Lenten Quiet Morning : Architectural Meditations

Anyone who visits Los Angeles will find his visit incomplete who does not make a pilgrimage to St. John’s Church.

A few weeks after the consecration of St. John’s Church in 1925, a writer spent Holy Week and Easter Day visiting the many new churches in the growing city of Los Angeles. Of all the new churches seen by the correspondent for The Churchman, “St. John’s Church is by far the most beautiful and artistic . . . there is nothing in the country like it. It is different. It is the old world set down in the new. It is like a diamond sparkling its radiant beauty of such rarity that one goes and comes and goes again to see this lovely church.”

Over ninety years later, even longtime Angelinos visit St. John’s Cathedral for the first time and exclaim, “I had no idea there was anything like this in Los Angeles!” For those who have the privilege of worshipping here week after week, it is easy to forget the impression made by that first visit, easy to allow the art and architecture to recede into the background instead of engaging it for fresh insights.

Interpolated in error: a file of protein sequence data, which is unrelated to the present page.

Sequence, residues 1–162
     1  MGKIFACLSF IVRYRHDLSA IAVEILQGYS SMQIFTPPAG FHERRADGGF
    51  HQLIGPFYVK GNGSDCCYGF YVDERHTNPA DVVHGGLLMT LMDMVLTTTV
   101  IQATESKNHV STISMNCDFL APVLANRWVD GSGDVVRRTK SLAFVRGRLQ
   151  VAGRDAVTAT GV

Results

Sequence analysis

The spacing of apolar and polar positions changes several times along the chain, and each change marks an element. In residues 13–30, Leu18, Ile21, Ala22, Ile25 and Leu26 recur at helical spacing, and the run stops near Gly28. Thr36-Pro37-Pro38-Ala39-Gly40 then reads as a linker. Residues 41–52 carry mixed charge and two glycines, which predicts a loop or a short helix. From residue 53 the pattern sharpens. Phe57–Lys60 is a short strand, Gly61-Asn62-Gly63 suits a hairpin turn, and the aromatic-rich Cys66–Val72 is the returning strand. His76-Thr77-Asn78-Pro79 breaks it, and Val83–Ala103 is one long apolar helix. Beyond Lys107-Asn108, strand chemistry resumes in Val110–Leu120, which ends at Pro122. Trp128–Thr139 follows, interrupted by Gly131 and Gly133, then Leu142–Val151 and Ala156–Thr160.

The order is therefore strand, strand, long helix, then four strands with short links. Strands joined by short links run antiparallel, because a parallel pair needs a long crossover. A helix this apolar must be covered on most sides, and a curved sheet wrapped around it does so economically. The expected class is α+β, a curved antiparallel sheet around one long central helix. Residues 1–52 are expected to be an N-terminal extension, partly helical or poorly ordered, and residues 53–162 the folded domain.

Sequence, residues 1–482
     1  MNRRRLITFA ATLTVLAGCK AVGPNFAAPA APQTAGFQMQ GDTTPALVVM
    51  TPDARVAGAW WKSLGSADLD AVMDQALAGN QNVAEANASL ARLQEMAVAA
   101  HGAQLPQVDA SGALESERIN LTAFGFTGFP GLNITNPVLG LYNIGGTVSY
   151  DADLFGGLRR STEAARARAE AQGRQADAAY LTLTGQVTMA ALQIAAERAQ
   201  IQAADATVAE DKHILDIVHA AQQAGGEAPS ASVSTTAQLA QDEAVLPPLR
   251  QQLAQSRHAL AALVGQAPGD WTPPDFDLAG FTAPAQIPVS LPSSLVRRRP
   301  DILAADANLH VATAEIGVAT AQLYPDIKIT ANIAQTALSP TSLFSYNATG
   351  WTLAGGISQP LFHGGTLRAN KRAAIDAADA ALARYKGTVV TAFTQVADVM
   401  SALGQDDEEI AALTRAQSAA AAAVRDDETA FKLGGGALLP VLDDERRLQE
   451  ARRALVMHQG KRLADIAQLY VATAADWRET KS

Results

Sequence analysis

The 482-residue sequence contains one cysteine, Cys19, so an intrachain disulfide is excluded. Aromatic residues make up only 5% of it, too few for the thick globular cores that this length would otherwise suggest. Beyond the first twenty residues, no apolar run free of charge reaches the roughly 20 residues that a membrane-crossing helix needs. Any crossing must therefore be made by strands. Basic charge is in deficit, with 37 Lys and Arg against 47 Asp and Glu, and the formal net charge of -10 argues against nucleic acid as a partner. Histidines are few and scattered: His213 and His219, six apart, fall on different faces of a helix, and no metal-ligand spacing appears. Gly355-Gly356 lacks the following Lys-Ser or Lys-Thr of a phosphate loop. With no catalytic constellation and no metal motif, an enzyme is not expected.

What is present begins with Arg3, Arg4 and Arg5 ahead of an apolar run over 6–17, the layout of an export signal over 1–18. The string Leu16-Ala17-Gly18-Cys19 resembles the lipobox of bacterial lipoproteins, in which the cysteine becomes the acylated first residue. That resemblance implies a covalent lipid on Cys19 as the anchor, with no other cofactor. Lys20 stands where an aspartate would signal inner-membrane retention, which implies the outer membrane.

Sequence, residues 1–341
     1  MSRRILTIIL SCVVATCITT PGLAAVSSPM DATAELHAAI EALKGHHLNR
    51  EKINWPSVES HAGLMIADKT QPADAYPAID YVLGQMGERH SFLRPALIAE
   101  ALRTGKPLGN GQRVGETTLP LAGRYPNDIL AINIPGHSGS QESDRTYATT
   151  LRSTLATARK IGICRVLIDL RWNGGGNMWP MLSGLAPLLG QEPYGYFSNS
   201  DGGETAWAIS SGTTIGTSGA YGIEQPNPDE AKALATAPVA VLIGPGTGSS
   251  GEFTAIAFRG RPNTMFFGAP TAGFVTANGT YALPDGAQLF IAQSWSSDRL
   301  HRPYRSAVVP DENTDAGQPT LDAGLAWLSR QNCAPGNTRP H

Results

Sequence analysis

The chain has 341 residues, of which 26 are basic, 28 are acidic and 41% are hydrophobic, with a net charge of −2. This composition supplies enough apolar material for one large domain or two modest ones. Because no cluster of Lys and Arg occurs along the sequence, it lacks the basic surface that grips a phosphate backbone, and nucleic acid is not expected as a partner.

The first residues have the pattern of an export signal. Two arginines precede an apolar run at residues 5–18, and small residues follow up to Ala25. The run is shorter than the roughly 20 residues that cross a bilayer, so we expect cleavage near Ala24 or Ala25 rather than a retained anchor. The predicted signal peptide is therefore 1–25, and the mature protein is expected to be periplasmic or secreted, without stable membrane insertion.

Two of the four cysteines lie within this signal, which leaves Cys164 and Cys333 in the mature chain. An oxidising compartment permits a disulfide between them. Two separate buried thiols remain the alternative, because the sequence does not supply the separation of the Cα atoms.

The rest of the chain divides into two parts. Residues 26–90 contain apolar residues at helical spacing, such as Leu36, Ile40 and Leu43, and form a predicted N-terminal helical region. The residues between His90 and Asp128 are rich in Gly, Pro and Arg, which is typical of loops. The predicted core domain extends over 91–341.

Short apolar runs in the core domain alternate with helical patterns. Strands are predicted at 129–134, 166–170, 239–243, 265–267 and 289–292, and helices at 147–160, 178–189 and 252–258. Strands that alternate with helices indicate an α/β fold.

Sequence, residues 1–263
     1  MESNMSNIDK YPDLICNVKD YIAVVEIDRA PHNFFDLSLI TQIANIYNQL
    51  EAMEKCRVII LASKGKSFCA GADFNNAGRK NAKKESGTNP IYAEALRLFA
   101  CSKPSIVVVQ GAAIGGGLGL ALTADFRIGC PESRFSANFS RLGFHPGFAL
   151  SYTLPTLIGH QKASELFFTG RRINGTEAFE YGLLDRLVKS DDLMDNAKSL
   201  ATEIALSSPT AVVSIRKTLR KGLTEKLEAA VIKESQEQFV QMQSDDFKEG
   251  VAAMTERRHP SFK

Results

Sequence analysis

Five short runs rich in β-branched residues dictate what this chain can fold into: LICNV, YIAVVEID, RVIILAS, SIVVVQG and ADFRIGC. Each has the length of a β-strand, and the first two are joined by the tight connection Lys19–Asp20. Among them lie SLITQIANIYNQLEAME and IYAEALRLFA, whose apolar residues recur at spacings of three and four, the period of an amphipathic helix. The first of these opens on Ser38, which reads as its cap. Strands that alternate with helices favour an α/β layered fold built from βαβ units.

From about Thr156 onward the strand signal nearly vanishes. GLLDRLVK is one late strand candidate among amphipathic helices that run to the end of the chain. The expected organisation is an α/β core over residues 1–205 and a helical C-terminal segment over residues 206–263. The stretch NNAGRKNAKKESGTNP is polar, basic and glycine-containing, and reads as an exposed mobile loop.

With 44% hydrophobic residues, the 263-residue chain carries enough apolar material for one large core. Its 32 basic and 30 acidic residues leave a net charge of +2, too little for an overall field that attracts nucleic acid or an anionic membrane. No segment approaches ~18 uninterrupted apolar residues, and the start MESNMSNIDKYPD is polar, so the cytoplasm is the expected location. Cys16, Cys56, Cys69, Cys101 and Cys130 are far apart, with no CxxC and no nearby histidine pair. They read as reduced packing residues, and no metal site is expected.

For this Lenten pilgrimage, five images from our historic building have been selected for what they have to say about the Passion of our Lord. Two would have been seen by the visitor in 1925, two more date from the first two decades, and one is a later addition. Some are seen by all every Sunday, others less so. Each is in a different medium: stone, glass, paint, wood, and mosaic. All point to what artists, architects, clergy, and parishioners believed was important to say about our faith.

Any discussion of our historic building would be incomplete without mentioning The Rev’d George Davidson, D.D. On April 1, 1913, that Father Davidson began his long tenure as Rector, serving until 1951. His vision and leadership inspired the people of St. John’s to pray and give to build this house of prayer for all people.